to Keep Your New Veiled Chamel eon
Misc Frogs II
Misc Frogs III
Misc Frogs IV
Misc Frogs V
Pet World Visit
Adult male veiled chameleon. Yes, he's ticked off.
Veil chameleons don’t grow to a dragon-size like iguanas --
just 24 inches including their stretched out tails but not their tongues.
Males grow nearly twice the size of the females.
Both make friendly pets but can bite if they want to.
Actually, their sharp, grasping toenails pose more of a threat.
Bright bands of yellow encircle a body color that varies depending
upon mood from bright green to dark green to blue.
Some also sport gold, orange, and black colors.
Arguments with other chameleons will trigger these color
changes. You could probably
tick veiled chameleons off with a mirror. Be
careful, you can stress them.
Not really bitey (like tegus and monitors), veiled chameleons can still give
you an unexpected nip if they so desire.
Those reared from babies seem more sociable.
Temp needs are not as critical for veiled chameleons as for the other
You can keep them at 75 to 80o during the day and
cooler at night. If your veil
gets sluggish or stops eating, warm him up.
Don’t just guess at the temperature.
Measure it with a reliable thermometer.
Give them plenty of room and a variety of climbing sites.
They also need cover within which to seek hiding places.
They depend upon their coloration to “blend in” but still need
hiding cover. The mesh-sided
Reptariums exactly meet the needs of veiled chameleons -- plenty of air
circulation and lots of extra climbing surfaces on the walls and ceilings.
Give them a full-spectrum fluorescent light.
Veiled chameleons need it mostly to absorb calcium into their bones.
Give them a vitamin A and D calcium supplement.
Very lightly dust the supplement onto their crickets.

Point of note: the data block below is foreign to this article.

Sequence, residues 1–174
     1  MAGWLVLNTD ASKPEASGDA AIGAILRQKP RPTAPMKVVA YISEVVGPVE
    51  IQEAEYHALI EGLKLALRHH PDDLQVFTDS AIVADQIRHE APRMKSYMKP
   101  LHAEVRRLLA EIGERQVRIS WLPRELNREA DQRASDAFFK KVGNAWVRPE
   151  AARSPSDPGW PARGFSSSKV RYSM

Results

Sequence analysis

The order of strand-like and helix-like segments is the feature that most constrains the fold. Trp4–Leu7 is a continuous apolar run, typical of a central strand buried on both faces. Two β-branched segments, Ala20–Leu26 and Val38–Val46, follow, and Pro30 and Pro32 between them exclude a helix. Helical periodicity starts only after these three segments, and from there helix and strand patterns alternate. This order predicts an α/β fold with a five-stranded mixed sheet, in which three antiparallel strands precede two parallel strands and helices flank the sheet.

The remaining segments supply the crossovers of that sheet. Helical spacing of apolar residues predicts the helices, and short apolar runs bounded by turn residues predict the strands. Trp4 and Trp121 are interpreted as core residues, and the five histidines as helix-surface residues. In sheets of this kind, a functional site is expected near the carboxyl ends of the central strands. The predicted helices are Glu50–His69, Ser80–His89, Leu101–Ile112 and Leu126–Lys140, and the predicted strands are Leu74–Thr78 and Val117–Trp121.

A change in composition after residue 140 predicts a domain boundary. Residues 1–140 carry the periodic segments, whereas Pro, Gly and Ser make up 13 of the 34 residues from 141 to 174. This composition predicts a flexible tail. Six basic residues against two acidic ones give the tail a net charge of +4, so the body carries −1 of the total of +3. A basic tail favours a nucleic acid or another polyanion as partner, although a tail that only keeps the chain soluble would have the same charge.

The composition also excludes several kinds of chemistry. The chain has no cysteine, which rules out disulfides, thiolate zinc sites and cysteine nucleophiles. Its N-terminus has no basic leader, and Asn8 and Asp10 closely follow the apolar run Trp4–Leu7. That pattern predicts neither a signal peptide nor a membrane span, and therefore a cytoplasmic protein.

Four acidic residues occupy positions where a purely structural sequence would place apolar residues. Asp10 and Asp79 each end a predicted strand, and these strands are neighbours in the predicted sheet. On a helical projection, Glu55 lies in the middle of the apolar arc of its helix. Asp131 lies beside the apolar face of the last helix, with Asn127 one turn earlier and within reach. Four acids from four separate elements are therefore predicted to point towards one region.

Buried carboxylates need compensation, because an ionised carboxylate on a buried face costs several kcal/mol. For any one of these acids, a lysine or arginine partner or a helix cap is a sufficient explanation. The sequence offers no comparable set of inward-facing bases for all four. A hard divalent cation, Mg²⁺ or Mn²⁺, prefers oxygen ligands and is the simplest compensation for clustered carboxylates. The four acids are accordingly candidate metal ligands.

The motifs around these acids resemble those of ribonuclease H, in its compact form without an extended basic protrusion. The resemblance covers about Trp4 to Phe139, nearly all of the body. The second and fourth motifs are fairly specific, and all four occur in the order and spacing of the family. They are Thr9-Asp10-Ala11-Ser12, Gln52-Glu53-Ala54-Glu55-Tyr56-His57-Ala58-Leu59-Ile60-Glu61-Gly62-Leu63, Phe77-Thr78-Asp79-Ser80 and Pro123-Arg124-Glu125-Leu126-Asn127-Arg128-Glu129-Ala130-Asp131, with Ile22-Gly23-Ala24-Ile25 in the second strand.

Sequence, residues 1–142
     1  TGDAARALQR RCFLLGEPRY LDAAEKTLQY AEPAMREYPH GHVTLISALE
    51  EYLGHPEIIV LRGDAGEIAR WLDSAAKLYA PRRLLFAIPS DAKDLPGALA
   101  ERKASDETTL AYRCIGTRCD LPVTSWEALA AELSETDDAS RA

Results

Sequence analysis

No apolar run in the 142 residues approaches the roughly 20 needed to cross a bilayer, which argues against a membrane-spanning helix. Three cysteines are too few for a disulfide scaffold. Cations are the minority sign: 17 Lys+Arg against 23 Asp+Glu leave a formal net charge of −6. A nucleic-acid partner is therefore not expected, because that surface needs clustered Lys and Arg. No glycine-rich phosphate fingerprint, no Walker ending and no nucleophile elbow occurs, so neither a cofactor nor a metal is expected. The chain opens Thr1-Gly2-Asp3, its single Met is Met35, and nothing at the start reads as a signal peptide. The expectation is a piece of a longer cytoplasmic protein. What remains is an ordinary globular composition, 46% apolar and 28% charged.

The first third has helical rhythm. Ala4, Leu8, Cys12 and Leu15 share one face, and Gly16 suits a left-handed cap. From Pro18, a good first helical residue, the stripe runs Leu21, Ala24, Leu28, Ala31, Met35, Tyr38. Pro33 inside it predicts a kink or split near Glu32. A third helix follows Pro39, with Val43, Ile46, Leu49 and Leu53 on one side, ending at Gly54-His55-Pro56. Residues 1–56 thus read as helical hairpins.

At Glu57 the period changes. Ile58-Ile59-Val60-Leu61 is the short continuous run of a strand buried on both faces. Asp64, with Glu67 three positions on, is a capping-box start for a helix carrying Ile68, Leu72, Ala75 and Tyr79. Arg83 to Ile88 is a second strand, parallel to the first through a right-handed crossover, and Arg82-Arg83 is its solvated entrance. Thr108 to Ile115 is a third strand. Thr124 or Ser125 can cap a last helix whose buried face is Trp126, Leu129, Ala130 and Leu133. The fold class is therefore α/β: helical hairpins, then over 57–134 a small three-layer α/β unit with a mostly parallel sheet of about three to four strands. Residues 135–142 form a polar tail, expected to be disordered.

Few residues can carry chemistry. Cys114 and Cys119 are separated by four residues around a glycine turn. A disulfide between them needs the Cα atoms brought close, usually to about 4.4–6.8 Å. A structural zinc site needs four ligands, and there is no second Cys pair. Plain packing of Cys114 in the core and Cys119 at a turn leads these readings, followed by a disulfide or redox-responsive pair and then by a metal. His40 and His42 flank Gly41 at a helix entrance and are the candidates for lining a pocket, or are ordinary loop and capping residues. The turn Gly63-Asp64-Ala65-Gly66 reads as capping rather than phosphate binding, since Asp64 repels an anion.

A pinch of supplement in the crickets’ plastic bag will usually
suffice. Way better to prevent vitamin deficiency in a veil chameleon than
try to cure it.
Crickets and mealworms fill most of their needs.
But vary their diet if possible.
You can’t expect them to survive on a single food.
Adults will eat pinky mice. Most
veiled chameleons will learn to eat from your fingers. This
means you can offer a large variety of foods.
Veils will also eat plant leaves – especially the adults.
They use the leaves as a water source.
Fix veiled chameleons up with your standard chameleon “drip
system,” or mist them at least twice a day.
At about a year old, your veiled chameleons are ready to rumble (about three
times per year). Keep your
sexes separate except at breeding time.
Then put them in cages next to each other before putting them in the
same cage. When placed close
enough to see her, the male will turn very bright (usually blue), start
swaying back and forth, and ask her for her sign.
Unwilling veiled chameleon females turn very dark and move to the
other end of the bar. Willing
females turn bright green to express their interest.
Once he works his magic, separate them.
Some 25 to 30 days later, she’s ready to lay about 50 eggs.
Give her a five-gallon bucket half filled with damp sand. Or
a kitty litter pan with damp sand or vermiculite (unused, of
course). Or look into those coconut fiber pressed packs.
Remove the eggs and incubate at 86 to 88o for nearly
half a year. Feed the baby
veiled chameleons wingless fruit flies and/or tiny crickets.
The babies grow amazingly fast.
Handle your veiled chameleons as little as possible.
Keep them away from kids and other stressful situations.
Keep each in its own cage. Provide
a veggie clip holding Romaine lettuce leaves.
Experiment with bearded dragon pellets as a food source. You
never know. LA.
© 2003, © 2004, © 2005 LA Productions
3600 Sixth Avenue
Corner of Sixth & Euclid Avenues
Des Moines, IA 50313
Betta Breed 1
Betta Breed II
Betta Pla Kat
Pleco Costly I
Pleco Costly II
Pleco Costly III
Pleco Costly IV
Pleco Costly V
Pleco Costly VI
Misc Catfish II
Misc Catfish III
Misc Catfish IV
Misc Catfish V
Jack Dempsey Spawn
Jaguar Spawning II
Rainbowfish, Dwarf Neon